And so with The Bells we come to the end of a phase of Lou Reed’s career; the end of his sustained acerbic drug-addled persona for much of the 70’s (at least from Transformer to Street Hassle), the last album to feature his Everyman Band led by keyboardist Michael Fonfara since Coney Island Baby (1976), the last to be recorded in West Germany, and the last album he would make before his much heralded sobriety years beginning with 1980’s defeated Growing Up in Public. By the time he put together The Blue Mask in 1982 he’d moved on to an entirely different sound and band. This album was the last gasp of an old regime.
So where does this leave the oft-overlooked The Bells? It’s lacking the sweaty, harrowing punk triumph of Street Hassle (1978), the smooth classic status of Coney Island Baby, or the epochal grandeur of Berlin (1973). It’s slight to the point of invisibility – nine tracks in 40 minutes without a familiar tune in sight. Lou and VU compilations (and there are millions) rarely include The Bells’ tracks in their inventories and upon its release in April 1979 everyone was underwhelmed: critics, contemporaries, even Lou himself.
We’ve had decades for the album to ingratiate itself to our ears (for those willing and able) and upon closer examination it could be said that it is as brave and interesting as any album in Reed’s repertoire. It is a (partially) successful, personal and empathetic album, compassionate, displaying an emotional depth rarely seen from the solo artist and his characters. Reed’s old sparring partner Lester Bangs wrote in Creem, “With The Bells, more than in Street Hassle, perhaps even more than in his work with the Velvet Underground, Lou Reed achieves his oft-stated ambition—to become a great writer, in the literary sense.” This is perhaps the great lost Lou Reed album.
The album’s first side opens strangely with one of three co-compositions with the multi-instrumentalist Nils Lofgren. Stupid Man is a short funk-rock ditty and a highly insubstantial one upon first listen, if it wasn’t such a fantastic showcase for Lou’s funny voice buzzing around the room. A moving piece; the protagonist leaving his little baby daughter and coming home soon to see her soon. It’s almost enough to put a lump in your throat so early on, but before we can worry too much Lou sweeps us into the strange four and half minute funk-workout Disco Mystic. Complete with sleazy sax and spacious vocals (the title being the only chanted lyrics), it’s all very street proto-jazz (it was 1979 after all) which works better on record than it does on paper. Worthier is the mid-tempo, doo-wop flavourings of I Wanna Boogie With You, something of a ‘good’ twin of Street Hassle’s ‘evil’ Dirt, lyrically sweeping and calm, collapsing into a mean Reed guitar solo finale. Closing out the side: With You and Looking for Love, finds Lou’s energetic vocals drawing raw emotion from the compassionate perspective of his characters. Unmistakably pop – if pop of a particularly twisted Lou Reed strain.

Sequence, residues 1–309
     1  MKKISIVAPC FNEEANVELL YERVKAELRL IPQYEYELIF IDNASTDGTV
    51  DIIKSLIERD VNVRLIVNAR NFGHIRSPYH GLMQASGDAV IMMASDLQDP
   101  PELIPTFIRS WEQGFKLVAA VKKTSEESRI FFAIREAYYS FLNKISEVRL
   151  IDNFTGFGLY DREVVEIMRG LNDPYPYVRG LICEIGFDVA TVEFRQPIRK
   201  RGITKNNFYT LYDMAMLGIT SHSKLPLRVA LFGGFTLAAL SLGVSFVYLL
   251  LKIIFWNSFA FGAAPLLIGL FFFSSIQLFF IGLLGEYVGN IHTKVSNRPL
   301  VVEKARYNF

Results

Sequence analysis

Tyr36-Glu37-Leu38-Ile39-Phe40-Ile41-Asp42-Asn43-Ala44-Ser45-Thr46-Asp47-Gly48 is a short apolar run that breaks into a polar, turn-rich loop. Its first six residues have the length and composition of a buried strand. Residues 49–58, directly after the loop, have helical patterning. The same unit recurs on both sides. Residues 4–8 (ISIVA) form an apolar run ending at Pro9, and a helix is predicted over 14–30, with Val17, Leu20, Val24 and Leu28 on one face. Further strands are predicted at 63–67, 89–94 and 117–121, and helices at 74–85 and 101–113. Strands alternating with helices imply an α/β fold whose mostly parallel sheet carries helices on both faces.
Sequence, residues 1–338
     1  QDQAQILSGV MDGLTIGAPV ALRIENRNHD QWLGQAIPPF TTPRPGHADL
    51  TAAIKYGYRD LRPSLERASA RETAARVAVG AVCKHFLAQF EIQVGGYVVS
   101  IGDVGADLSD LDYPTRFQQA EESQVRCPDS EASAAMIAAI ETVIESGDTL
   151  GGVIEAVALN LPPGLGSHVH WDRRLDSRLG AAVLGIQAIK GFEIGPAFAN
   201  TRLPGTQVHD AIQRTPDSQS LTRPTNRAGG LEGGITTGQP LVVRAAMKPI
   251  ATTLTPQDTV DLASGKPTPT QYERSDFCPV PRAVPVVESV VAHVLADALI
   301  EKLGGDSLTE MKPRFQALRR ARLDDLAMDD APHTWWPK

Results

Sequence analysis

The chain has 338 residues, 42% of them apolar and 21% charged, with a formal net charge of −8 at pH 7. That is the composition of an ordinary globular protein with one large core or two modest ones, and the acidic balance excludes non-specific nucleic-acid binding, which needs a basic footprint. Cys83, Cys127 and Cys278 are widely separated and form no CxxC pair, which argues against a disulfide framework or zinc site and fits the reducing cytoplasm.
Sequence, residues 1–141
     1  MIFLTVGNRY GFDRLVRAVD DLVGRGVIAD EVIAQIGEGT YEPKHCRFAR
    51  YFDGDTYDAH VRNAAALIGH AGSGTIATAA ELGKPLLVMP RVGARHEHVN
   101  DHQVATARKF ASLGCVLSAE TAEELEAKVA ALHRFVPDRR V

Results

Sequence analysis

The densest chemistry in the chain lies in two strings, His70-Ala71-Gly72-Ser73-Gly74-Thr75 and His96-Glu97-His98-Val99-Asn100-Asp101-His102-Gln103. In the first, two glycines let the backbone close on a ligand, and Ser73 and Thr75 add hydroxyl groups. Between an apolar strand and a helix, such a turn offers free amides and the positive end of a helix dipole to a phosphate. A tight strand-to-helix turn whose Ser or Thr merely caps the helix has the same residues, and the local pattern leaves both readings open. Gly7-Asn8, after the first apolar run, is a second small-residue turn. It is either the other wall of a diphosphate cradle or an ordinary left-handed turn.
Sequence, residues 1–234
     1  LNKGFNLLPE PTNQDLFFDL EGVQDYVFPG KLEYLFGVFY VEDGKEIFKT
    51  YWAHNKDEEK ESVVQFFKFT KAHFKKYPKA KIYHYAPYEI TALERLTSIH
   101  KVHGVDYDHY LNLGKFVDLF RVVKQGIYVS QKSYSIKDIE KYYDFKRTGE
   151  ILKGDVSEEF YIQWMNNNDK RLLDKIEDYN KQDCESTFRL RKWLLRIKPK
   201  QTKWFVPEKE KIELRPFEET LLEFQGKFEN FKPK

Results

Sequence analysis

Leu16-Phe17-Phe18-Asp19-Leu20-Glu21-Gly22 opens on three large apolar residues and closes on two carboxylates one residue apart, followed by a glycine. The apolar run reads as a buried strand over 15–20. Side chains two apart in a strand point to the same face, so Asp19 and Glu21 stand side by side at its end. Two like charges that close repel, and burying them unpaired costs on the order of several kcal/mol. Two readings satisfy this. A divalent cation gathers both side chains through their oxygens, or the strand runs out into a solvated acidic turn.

The second half of The Bells could not be more different from the first without weakening the album, although City Lights, a tribute to of all people, Charlie Chaplin, and the film of the same name, tries hard. Things then really pick up around the remarkable All Through the Night. It’s a superb piece of unreality, bolstered by a taped chatter churning backing noise reminiscent of Kicks from three years earlier. The sax driven track is an album standout: “Some people wait for things that never come / and some people dream of things that have never been done / they do it all through the night.” The song flip-flops back and forth between world-weary humour and emotive remorse. Next is the essentially improvised Families, a rather candid personal appeal to the narrators real family living out in the suburbs, addressing his parents and sister, his life and theirs, finishing with the closing line “I don’t think I’ll come home anymore”.
To end The Bells on this note would be cruelly depressing, so there is still one song left, and that is the monstrous title cut. Experimental is the key word here. The guitar synthesizer is all over this wildly improvised 9-minute soundscape, and finds free-jazz trumpeter Don Cherry contributing an incredible cameo in the spirit of Lou’s hero Ornette Coleman. On a purely musical level it is easily the finest track on The Bells, the vocals finally entering well over half way through. “The Bells is about suicide, but not a bad suicide”, Lou claimed at the time and it’s a challenging listen without a doubt.
If The Bells is the forgotten Lou Reed album, the powerful and disturbing title track is his most unjustly forgotten song, even more so than All Through the Night or I Wanna Boogie With You. Any true Lou Reed best-of should include these tracks, but sadly few of them do.
Neither the label at the time (Arista) nor Reed was particularly interested in pushing The Bells, and while Reed occasionally included some of these songs into his live set over the years, the album has mostly languished into obscurity. Commercially, Lou would bounce back 10 years later with the masterpiece New York, but he never again produced an album as warped as The Bells and while it doesn’t reach the heights of Street Hassle, The Bells is one of his finest releases of the 70’s, and well worth checking out.